Tim Hawkinson: Drip Drawings
PRJCTLA, Los Angeles
November 13, 2021 through January 15, 2022
By GARY BREWER, December 2021
“You do not understand, these things did not exist, we were finding the contours of what was possible.”
To take a set of rules, a narrow bandwidth of possibilities, and create the myriad variations of what is possible: this is the creative endeavor that Tim Hawkinson set for himself in his Drip Drawings. In his mind, the totality of these drawings is a single work; something akin to a musical form of theme and variations. There are 72 drawings. They were done in a span of 1½ years and there may be more.
The Drip Drawings are a departure from what one usually thinks of in Hawkinson’s mercurial work: these are lean, elegant, idiosyncratic and methodical. They articulate an aspect of his imagination and expand the myriad guises in which he can express himself.
The initial inspiration came from a piece he did for an exhibit at the Getty Museum in 2007. Hawkinson made a large ink painting of a dragon: the ink dripped and he added more drips, becoming fascinated by how straight the lines flowed. Years later he created an image of a windmill using the drip lines. The paper had a subtle texture and caused the ink to travel on a slightly wayward path. Hawkinson wanted to find an extremely smooth paper to control the path of the drip, keeping it as straight as possible. Later he made special tools and found a synthetic paper smooth enough to achieve his needs. One of the tools he created is a small hand-held ink gun to dispense the ink; the other, a small vacuum gun to stop the ink drip at an exact spot.
There is a nostalgic quality to these precisionist drawings that harkens back to Op Art of the 1960’s. Hawkinson spent much of his time working on these while listening to the ambient, minimalist and quirky music of Piotr Kurek, whose synthetic Moog-like sounds share a nostalgic quality. Using the simple geometry of a circle and perpendicular lines, he creates optically electric articulations of volume and form. He generates the illusion of space using gradients, by setting his parallel lines at points located on an arc separated by 5 degrees. These are skeletal articulations of the rudiments of how our mind interprets space. The clear physical reality of ink lines on paper and the illusion of space is one of the delights of these works- they wink at you with wit and intelligence in their smart attire.
The regroupings and combinations of individual drawings that create more complex formal designs are wondrous. The drawings have a protean quality: shape shifting from pure volumetric form, to suggesting anthropomorphism, font design, sculptural forms, and architectural decorative embellishments. The larger horizontal piece Caryatid, looks like it could be an alien language from an extraterrestrial source or the arcane musical notation of an unorthodox contemporary composer.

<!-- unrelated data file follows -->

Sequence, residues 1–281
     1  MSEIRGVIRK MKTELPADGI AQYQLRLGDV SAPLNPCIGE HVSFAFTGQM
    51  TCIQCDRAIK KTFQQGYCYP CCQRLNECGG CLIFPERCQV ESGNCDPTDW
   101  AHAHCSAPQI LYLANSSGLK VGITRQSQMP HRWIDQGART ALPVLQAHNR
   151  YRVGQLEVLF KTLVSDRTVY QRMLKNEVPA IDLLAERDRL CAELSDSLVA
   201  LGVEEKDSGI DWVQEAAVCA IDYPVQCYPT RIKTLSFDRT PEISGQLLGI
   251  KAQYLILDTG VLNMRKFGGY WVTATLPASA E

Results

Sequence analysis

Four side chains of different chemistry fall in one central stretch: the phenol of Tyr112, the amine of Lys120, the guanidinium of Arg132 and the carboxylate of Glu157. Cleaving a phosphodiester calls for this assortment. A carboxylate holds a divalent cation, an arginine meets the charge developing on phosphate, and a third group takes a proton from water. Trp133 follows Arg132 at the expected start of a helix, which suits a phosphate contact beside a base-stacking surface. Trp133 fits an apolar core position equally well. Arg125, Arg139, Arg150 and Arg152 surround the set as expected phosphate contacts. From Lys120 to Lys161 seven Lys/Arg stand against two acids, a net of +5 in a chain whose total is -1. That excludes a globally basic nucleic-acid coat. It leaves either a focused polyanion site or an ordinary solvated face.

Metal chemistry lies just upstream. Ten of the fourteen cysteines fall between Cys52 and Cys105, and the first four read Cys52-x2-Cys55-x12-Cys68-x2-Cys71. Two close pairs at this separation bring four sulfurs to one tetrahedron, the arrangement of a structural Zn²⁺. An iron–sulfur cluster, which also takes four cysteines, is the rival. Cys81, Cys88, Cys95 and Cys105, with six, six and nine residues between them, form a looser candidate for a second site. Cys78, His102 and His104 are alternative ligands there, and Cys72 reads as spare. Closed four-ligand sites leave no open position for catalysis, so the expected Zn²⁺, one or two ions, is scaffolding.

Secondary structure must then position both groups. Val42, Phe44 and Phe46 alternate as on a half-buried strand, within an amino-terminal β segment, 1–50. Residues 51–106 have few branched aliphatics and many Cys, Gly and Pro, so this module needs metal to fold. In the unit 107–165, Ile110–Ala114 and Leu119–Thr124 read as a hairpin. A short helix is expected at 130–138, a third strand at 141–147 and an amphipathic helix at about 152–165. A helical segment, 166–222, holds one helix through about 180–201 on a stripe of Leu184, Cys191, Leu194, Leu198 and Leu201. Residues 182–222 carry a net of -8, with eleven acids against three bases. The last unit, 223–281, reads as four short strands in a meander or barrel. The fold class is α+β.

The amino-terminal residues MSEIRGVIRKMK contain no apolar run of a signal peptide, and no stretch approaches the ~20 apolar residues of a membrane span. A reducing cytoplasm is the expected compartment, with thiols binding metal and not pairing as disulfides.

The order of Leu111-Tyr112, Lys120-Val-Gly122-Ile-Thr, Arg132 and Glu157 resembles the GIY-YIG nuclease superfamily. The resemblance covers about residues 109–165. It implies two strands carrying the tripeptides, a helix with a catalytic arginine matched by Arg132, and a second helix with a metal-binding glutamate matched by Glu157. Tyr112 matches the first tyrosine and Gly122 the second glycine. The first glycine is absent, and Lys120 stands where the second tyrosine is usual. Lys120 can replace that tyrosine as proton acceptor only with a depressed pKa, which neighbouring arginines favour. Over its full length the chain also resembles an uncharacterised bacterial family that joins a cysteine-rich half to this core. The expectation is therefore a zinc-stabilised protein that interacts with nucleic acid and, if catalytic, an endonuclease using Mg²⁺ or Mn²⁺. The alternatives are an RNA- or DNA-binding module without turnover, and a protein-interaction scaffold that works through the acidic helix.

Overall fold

Some of the titles are created from the suggestive quality of the forms within the works. Other titles have a personal connection. Both the title Ojalai and Camaradin are names his daughter made up as a child for imaginary spices. In Ojalai, a bold muscular serpentine design dominates our perceptions- then the rectangle of the middle section takes hold. There is an almost hallucinatory ambiguity of the positive and negative space oscillating back and forth; all the while the endless swells of a sea of volumetric forms are undulating.
In the drawing Camaradin, there is a beautiful interplay between the suggestion of font-like elements and the look of Polynesian sculpture, oscillating between anthropomorphic and zoomorphic visages. Curves and volumes musically dance within these strict formal constraints, seeking to burst into the world of three dimensions.
In the piece Four Lobed Drip Drawing, there is a formal power to the four circles clustered like a Tantric symbol, exerting a hypnotic force. They have the initial gestalt of a minimalist work of art, but with a beguiling complexity and an M.C. Escher-like sense of impossibility in the undulating contours of volumetric space. They are as engaging and bewitching as a mobius strip. It is a metaphysical conundrum: both clear as a bell and paradoxical at the same time.
The drawing Obonob, is the word for our closest primate relative: the Bonobo, spelled backwards. In this piece, the anthropomorphic quality is immediate: the big bright eyes and pronounced lips are an image that comes to mind quickly. Its appearance morphs a bit and the unmistakable visage of a monkey’s face shows itself. We look through the lens of a machine-like precision, made with the medium of a drop of liquid and gravity into the face of the past of an ancient ancestor of ours, who looks back at us, beguiled by the wayward path of life.
These drawings are many things: formal explorations; problem solving within a narrow range of possibilities; mining the interpretive qualities of mind; and seeing where this idiosyncratic path of inventing a language of line, form, volume and space will lead. In the hands of Tim Hawkinson, they lead into the uncanny: the strange edge of what is knowable by extending one’s reach into the inky blackness of the unknown. WM